Passport numbers, login credentials, health information now considered “Personally Identifiable Information”
Contact: Charity R. Clark, Chief of Staff, 802-828-3171
Attorney General T.J. Donovan has released guidance to assist businesses in complying with changes to Vermont’s Security Breach Notice Act. As of July 1, 2020, more types of information—including health and genetic information, login credentials, and additional government IDs like passport numbers—are considered “Personally Identifiable Information” that requires notice to consumers if stolen or otherwise subject to a breach. By helping businesses understand the law, the guidance aims to help ensure that timely notice is provided to Vermont consumers so they can protect themselves if their sensitive information is exposed.
“I have always believed that the best way to enforce the law is to give people and businesses the opportunity to comply with the law by providing education and outreach,” said Attorney General Donovan. “Data breaches are an almost daily occurrence in the modern, digital economy. We owe it to businesses to be helpful and alert them to their obligations, and we owe it to consumers to be sure they are made aware if their personal information is at risk.”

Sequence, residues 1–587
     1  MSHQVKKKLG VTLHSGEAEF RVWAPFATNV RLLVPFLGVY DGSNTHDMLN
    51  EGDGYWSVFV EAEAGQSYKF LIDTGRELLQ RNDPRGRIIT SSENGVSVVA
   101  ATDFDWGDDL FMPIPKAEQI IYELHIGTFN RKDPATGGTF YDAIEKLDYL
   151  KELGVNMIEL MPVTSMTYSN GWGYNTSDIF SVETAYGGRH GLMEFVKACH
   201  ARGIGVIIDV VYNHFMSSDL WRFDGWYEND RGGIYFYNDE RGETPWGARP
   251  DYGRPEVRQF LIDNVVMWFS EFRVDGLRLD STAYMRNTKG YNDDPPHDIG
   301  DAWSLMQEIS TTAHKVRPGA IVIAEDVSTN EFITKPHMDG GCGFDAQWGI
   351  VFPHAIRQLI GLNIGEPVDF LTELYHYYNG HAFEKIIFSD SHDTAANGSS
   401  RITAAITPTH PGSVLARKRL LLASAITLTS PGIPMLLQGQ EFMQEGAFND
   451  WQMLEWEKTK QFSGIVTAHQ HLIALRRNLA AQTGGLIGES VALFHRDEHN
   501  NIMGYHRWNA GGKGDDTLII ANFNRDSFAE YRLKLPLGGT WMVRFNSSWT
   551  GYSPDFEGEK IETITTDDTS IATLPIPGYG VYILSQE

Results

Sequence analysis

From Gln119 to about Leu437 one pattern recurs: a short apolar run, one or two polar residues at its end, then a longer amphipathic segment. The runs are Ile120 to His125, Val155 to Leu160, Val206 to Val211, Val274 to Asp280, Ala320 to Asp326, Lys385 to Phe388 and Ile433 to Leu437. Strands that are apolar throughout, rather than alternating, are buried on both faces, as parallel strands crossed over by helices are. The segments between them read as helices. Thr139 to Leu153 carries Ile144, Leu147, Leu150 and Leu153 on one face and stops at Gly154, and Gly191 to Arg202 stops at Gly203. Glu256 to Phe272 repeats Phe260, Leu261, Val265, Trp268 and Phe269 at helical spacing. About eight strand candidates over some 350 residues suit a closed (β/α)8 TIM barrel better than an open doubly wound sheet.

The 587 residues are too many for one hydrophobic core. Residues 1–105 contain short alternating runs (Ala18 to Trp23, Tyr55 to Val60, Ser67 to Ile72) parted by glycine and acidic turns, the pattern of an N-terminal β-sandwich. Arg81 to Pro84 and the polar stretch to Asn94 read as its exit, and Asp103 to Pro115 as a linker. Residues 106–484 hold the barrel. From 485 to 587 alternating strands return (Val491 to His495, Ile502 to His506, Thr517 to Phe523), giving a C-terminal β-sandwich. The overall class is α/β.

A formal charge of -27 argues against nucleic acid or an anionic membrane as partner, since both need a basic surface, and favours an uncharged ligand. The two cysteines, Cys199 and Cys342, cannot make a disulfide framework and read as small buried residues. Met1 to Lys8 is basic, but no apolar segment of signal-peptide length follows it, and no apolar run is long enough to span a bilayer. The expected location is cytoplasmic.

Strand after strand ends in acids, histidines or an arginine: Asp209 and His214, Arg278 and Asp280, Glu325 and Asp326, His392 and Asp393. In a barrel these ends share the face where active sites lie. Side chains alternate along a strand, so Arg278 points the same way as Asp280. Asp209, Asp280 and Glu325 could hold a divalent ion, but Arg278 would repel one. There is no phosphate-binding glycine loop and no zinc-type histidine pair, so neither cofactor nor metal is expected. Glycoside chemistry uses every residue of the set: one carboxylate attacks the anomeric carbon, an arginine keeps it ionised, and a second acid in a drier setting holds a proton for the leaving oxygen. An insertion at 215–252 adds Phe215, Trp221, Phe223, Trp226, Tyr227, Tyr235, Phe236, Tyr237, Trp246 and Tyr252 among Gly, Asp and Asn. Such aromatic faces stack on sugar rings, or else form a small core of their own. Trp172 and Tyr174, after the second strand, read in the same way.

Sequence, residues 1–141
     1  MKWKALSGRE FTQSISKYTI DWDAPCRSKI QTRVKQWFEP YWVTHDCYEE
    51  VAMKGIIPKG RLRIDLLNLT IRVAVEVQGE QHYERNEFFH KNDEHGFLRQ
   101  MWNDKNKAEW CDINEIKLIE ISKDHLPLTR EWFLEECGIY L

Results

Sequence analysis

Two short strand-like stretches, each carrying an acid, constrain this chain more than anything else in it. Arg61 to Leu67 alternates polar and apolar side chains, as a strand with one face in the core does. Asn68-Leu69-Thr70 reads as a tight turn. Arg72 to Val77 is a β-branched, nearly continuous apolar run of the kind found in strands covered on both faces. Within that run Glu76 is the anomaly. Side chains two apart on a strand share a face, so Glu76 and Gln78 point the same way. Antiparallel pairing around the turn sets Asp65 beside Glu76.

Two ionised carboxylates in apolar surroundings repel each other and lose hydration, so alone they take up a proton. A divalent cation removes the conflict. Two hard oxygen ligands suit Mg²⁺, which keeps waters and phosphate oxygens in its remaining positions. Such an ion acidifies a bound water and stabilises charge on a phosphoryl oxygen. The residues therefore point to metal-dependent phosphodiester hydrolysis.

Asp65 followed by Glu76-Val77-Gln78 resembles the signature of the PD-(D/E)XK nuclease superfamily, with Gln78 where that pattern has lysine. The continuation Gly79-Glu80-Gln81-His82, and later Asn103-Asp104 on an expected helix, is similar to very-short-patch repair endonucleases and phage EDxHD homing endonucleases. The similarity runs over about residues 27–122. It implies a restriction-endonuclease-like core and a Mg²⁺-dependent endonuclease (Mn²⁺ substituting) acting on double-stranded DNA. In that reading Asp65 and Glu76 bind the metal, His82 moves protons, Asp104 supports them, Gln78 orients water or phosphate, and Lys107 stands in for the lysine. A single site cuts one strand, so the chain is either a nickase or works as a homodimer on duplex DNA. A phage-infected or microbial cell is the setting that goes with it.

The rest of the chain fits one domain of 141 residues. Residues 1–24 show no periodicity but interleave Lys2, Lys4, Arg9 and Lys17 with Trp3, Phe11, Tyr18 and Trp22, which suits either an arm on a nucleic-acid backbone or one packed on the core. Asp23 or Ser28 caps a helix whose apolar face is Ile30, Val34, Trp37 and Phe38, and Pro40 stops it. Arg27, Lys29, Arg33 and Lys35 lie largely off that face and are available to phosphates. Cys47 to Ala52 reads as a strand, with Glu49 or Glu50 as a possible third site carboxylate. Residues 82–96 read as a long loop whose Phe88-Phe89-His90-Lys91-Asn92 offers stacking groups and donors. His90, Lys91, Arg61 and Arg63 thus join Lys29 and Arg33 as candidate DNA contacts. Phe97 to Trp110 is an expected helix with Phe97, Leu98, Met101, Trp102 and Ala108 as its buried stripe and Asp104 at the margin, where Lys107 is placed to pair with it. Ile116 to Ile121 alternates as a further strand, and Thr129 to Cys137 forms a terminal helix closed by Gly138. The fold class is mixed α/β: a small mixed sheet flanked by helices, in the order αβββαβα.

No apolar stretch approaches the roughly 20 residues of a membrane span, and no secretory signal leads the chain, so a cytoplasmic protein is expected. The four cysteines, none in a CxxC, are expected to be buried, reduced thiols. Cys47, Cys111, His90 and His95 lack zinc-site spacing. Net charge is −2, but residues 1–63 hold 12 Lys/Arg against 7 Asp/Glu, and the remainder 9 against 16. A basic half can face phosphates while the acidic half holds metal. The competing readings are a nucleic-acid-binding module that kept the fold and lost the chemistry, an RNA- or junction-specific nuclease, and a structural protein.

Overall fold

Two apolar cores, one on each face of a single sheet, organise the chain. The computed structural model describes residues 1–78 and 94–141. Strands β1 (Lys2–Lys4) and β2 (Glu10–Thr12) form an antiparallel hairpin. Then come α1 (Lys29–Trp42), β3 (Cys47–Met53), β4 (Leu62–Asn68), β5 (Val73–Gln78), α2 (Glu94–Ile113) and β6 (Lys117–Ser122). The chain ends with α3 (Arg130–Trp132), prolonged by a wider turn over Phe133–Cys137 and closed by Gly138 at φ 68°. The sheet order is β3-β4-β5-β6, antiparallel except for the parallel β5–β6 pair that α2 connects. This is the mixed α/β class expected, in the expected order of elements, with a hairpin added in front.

The guidance published today provides a comprehensive overview of Vermont’s Notice Act and explains legal obligations, notice requirements, and updated definitions. The guidance also offers an extensive series of questions and answers to common problems, as well as tips, best practices, and even a model notice.
Since the beginning of the year, the Attorney General’s Office has received over 188 breach notices, which are posted at /categories/security-breaches. Before the change in law, businesses were only required to notify consumers if their Social Security, driver license, and financial account numbers, or financial account logins were exposed. Now, health information, genetic information, additional government IDs, and login credentials are also considered “Personally Identifiable Information” that require notice. The changes to the law that took effect earlier this month reflect how security breaches have changed over time and the expectations of consumers as to what types of information merit extra protection.
The guidance is not legal advice, and the Attorney General reminds Vermonters to contact an attorney with specific questions or concerns about their particular circumstances. For more information about security breaches, visit: https://ago.vermont.gov/blog/category/security-breaches/.
A copy of the guidance can be found here.